IPPF: Disability Inclusion in Humanitarian Action

One billion people, or 15% of the world’s population, experience some form of disability. The United Nations Secretary-General has highlighted this population as a critical group for inclusion. The Charter on Inclusion of Persons with Disabilities in Humanitarian Action was one of the key outcomes of the World Humanitarian Summit in 2016, and called for the development of guidelines on the inclusion of persons with disabilities in humanitarian action. The establishment of the United Nations Inter- Agency Standing Committee (IASC) Guidelines of Inclusion of Persons with Disabilities in Humanitarian Action marks a significant step in advancing accountability for the inclusion of persons with disabilities within inter-agency coordination mechanisms.

In 2018, funds from the Australian Government were made available to the Women’s Refugee Commission to pilot a component of the IASC Guidelines. The pilot aimed to demonstrate and document how GBV guidance can been practically applied to support the protection and empowerment of women and girls with disabilities in humanitarian action.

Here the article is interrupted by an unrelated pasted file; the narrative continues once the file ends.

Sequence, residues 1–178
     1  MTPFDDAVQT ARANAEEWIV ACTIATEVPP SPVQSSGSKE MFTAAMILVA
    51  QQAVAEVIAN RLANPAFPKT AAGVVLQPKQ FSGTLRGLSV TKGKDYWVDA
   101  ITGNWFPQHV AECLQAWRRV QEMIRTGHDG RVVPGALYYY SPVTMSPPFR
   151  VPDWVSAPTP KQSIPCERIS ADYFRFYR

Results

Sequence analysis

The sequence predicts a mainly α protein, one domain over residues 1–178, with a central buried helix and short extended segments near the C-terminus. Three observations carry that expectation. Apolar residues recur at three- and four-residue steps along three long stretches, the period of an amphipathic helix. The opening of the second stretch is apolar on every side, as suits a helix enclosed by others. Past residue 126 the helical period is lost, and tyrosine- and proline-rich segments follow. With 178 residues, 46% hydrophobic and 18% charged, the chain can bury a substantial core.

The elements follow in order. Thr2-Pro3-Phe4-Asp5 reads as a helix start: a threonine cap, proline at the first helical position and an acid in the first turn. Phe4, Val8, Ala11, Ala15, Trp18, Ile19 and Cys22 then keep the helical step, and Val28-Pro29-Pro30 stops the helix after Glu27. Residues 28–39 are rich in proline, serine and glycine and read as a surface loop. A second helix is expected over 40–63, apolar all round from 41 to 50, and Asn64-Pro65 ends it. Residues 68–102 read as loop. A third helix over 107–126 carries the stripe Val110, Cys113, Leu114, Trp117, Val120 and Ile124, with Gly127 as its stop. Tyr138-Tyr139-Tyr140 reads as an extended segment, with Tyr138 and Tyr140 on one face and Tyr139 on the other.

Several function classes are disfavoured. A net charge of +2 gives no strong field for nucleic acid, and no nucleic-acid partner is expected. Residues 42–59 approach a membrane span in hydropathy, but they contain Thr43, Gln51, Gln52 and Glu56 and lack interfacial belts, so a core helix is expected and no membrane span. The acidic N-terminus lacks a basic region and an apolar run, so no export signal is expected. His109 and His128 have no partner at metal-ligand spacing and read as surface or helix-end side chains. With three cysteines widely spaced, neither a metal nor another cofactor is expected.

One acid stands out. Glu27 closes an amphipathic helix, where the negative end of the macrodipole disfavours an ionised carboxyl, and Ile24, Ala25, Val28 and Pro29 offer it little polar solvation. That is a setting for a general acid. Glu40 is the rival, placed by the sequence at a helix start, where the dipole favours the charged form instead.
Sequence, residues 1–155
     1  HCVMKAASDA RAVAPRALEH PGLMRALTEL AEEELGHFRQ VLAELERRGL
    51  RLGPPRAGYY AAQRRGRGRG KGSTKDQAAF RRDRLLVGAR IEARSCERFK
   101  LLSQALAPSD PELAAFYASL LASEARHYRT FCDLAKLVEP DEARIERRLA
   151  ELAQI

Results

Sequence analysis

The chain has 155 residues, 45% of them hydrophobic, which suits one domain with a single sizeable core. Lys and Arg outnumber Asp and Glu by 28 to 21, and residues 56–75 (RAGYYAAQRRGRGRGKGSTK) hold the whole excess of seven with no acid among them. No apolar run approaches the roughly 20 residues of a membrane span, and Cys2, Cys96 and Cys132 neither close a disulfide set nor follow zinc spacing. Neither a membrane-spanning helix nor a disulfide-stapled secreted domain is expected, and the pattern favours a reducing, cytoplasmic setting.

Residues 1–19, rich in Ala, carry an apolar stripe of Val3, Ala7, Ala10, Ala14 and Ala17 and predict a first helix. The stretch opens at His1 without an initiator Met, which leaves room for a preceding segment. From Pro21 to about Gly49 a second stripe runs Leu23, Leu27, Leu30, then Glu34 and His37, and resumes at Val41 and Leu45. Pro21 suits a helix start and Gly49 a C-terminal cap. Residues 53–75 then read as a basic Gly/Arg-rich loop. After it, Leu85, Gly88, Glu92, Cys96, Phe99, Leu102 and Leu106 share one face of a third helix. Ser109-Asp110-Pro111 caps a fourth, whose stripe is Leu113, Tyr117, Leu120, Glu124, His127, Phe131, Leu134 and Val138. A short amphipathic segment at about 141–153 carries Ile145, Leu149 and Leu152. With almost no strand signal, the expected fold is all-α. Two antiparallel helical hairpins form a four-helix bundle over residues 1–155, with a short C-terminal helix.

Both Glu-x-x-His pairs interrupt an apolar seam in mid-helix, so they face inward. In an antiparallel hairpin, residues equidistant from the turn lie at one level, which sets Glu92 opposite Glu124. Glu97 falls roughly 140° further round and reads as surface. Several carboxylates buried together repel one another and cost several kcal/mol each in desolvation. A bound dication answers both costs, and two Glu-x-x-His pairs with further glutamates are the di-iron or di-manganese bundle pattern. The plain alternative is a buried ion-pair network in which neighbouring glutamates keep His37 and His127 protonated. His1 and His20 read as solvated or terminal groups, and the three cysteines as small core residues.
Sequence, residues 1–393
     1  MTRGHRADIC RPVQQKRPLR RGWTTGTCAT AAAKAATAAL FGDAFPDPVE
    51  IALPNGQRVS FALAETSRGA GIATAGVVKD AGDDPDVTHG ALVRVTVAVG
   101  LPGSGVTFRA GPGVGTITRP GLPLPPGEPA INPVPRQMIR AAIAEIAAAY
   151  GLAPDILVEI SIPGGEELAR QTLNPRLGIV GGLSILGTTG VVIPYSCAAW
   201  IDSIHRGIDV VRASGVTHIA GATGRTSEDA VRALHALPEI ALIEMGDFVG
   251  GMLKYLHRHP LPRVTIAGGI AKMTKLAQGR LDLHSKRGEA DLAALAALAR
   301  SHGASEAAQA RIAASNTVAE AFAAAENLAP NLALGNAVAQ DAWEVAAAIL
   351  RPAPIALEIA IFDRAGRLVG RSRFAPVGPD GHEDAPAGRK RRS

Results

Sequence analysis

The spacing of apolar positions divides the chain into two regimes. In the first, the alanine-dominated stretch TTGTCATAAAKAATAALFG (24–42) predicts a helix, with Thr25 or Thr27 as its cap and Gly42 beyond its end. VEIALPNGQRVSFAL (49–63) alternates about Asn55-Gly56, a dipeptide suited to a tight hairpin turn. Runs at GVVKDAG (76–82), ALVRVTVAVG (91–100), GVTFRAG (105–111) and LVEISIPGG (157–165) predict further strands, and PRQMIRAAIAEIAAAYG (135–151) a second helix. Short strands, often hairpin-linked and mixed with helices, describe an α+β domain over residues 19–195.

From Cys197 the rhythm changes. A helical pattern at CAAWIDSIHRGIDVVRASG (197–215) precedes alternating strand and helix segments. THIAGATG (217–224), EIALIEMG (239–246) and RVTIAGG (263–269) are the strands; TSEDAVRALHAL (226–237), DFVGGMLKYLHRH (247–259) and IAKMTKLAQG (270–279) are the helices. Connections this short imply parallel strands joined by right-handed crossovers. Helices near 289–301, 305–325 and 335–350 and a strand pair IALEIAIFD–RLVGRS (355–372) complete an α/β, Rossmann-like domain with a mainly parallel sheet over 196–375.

IPPF’s Member Association in Sri Lanka, the Family Planning Association of Sri Lanka, was awarded by the Women’s Refugee Commission to pilot these guidelines in early 2019.

This case study provides an outline of this pilot project, interviews with PLWD who took part in the project, and lessons learned.